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Tapeworm Infection

Definition:
Stories of tapeworm infection often conjure up images of 30-foot long worms loitering in a person's small intestine, only to make an appearance one day in the toilet bowl.

While this may describe the rare case, the common reality is very different. Infected humans — who usually ingest the organisms by eating food or water contaminated with tapeworm eggs or larvae — are often unaware they're carrying them. The parasitic organisms mature in the intestines and often result in few to no symptoms. When they do appear, signs and symptoms include abdominal pain, nausea and diarrhea. More severe infestations can cause complications, such as development of lesions or cysts in the liver, lungs or central nervous system.

A tapeworm infection that's confined to your intestines is easily treated with oral medications, and the prognosis for elimination is good. However, when the disease has migrated to other parts of the body, timely diagnosis and treatment is critical to help prevent permanent tissue damage. Untreated cases can be life-threatening.

The good news is that you can help prevent tapeworm infection with good personal hygiene, such as washing your hands before eating. You should also take special care when traveling in developing countries, since tapeworm infection occurs more frequently where sanitation is poor and people regularly eat raw or undercooked pork or beef. In fact, some studies have suggested that increasing travel to and immigration from these countries serve as a vehicle for the parasite's entry into the United States.

Causes:
In humans, tapeworm disease is most commonly caused by one of three tapeworm species: the pork tapeworm (Taenia solium), beef tapeworm (Taenia saginata) and dwarf tapeworm (Hymenolepis nana). The fish tapeworm (Diphyllobothrium4 latum) also infects people in areas where raw freshwater fish is consumed.
Tapeworm infection is usually caused by the ingestion of tapeworm eggs or larvae. Tapeworm eggs are generally ingested through food, water or soil contaminated with human or animal feces.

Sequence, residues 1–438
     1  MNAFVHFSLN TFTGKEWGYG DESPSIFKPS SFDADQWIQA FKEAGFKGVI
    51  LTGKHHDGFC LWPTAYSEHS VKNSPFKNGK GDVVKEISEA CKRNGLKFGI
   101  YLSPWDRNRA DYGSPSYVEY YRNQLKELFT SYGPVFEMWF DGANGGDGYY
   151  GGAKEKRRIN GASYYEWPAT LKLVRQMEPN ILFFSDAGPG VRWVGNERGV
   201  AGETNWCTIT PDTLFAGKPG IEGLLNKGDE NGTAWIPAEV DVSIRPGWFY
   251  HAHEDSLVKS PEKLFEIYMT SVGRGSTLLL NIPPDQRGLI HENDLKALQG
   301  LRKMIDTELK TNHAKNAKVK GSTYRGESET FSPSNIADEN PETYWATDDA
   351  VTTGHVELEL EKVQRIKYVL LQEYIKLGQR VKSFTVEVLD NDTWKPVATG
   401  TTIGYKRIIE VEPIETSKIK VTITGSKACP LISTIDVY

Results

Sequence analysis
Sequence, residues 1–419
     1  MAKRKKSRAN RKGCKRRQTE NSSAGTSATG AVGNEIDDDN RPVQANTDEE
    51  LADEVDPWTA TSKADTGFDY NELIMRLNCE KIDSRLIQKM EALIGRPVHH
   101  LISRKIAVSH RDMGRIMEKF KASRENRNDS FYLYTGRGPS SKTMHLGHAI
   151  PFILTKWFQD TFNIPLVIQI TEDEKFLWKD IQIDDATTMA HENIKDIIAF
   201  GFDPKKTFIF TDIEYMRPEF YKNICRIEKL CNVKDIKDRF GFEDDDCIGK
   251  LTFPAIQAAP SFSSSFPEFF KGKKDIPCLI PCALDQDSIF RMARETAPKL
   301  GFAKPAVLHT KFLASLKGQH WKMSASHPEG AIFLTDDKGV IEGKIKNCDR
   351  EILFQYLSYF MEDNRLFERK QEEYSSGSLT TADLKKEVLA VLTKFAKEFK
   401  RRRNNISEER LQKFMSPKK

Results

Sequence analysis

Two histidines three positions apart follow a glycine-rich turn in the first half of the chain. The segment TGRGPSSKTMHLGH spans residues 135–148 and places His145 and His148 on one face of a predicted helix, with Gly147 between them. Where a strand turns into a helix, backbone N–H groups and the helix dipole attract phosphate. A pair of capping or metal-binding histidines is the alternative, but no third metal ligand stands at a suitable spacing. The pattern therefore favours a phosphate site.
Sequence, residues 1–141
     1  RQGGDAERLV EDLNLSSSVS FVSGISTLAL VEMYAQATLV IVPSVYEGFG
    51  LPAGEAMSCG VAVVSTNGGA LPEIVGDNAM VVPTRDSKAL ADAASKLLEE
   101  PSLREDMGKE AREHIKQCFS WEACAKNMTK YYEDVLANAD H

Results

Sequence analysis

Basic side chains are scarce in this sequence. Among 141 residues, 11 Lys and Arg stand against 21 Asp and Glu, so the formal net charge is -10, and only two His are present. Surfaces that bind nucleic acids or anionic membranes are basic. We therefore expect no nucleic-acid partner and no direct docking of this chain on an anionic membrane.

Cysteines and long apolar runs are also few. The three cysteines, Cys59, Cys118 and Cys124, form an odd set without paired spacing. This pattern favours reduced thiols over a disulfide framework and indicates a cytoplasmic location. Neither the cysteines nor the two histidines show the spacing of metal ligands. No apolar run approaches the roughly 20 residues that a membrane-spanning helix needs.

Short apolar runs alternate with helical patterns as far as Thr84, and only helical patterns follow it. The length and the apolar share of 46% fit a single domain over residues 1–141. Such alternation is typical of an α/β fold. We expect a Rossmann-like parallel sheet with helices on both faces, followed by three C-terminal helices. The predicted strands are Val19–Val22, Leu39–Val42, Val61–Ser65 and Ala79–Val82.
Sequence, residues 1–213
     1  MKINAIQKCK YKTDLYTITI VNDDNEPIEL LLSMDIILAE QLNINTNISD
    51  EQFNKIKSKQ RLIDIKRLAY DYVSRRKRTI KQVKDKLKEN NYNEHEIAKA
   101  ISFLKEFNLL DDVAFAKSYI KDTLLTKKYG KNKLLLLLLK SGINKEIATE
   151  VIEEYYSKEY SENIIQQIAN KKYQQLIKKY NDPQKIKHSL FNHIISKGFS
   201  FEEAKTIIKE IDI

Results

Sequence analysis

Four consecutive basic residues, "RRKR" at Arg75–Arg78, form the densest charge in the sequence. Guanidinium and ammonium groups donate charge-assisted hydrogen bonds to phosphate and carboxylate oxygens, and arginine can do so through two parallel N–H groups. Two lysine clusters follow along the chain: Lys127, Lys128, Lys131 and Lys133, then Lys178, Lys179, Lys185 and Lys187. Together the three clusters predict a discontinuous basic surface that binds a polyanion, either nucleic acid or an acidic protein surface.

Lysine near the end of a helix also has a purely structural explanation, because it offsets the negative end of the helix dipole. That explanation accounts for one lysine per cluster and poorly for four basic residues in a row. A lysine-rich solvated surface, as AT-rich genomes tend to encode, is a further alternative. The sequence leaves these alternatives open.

Larvae are usually ingested through undercooked pork or beef. For example, improperly-treated sewage containing tapeworm eggs may be used to fertilize pastures, which in turn infects pigs or cattle that graze in the area. Inside the animal's intestines, the eggs develop into pea-sized tapeworm larvae that are deposited in their tissues. The larvae can be passed on to humans who consume the meat.

As the tapeworm egg or larvae enters your system it migrates to the intestines, where it matures into an adult that can measure up to 50 feet long and can survive as long as 20 years. Some tapeworms attach themselves to the walls of the intestine, where they cause irritation or mild inflammation, while others may pass through to your stool and exit your body.

While being treated for tapeworm infection, you can re-infect yourself by ingesting tapeworm eggs shed by the adult worm into your stool. That's why you should take care to wash your hands after using the toilet.

Each segment of the tapeworm is capable of producing eggs. Larvae may stay confined to the intestines, or they may migrate through your tissues to other parts of the body and cause more serious complications.

Risk Factor
:
Certain considerations may put you at greater risk of tapeworm infection, such as:
  • Poor hygiene. Infrequent washing and bathing increases the risk of accidental transfer of contaminated matter to your mouth.
  • Exposure to livestock. This is especially problematic in areas where human and animal feces are not disposed of properly.
  • Frequent travel to developing countries. Infection occurs more frequently in areas with poor sanitation practices.
  • Preference for eating raw or undercooked meats. Improper cooking may fail to kill any tapeworm eggs and larvae contained in contaminated pork or beef.
When to seek medical advice:
If you experience any of the signs or symptoms of tapeworm infection, you should immediately seek medical attention. Also contact your doctor if you believe you've been exposed to food or water contaminated with tapeworm or you've been traveling in areas with poor sanitation.

Symptoms:

Most people who are infected with tapeworm don't show symptoms. However, you may notice tapeworm eggs, larvae or proglottids — segments of the adult tapeworm — in your stool.

Other signs and symptoms include:
  • Nausea
  • Weakness
  • Loss of appetite
  • Abdominal pain
  • Diarrhea
  • Weight loss
More serious tapeworm infections can cause organ and tissue damage, resulting in vitamin deficiencies, fever or seizures.

Dignosis: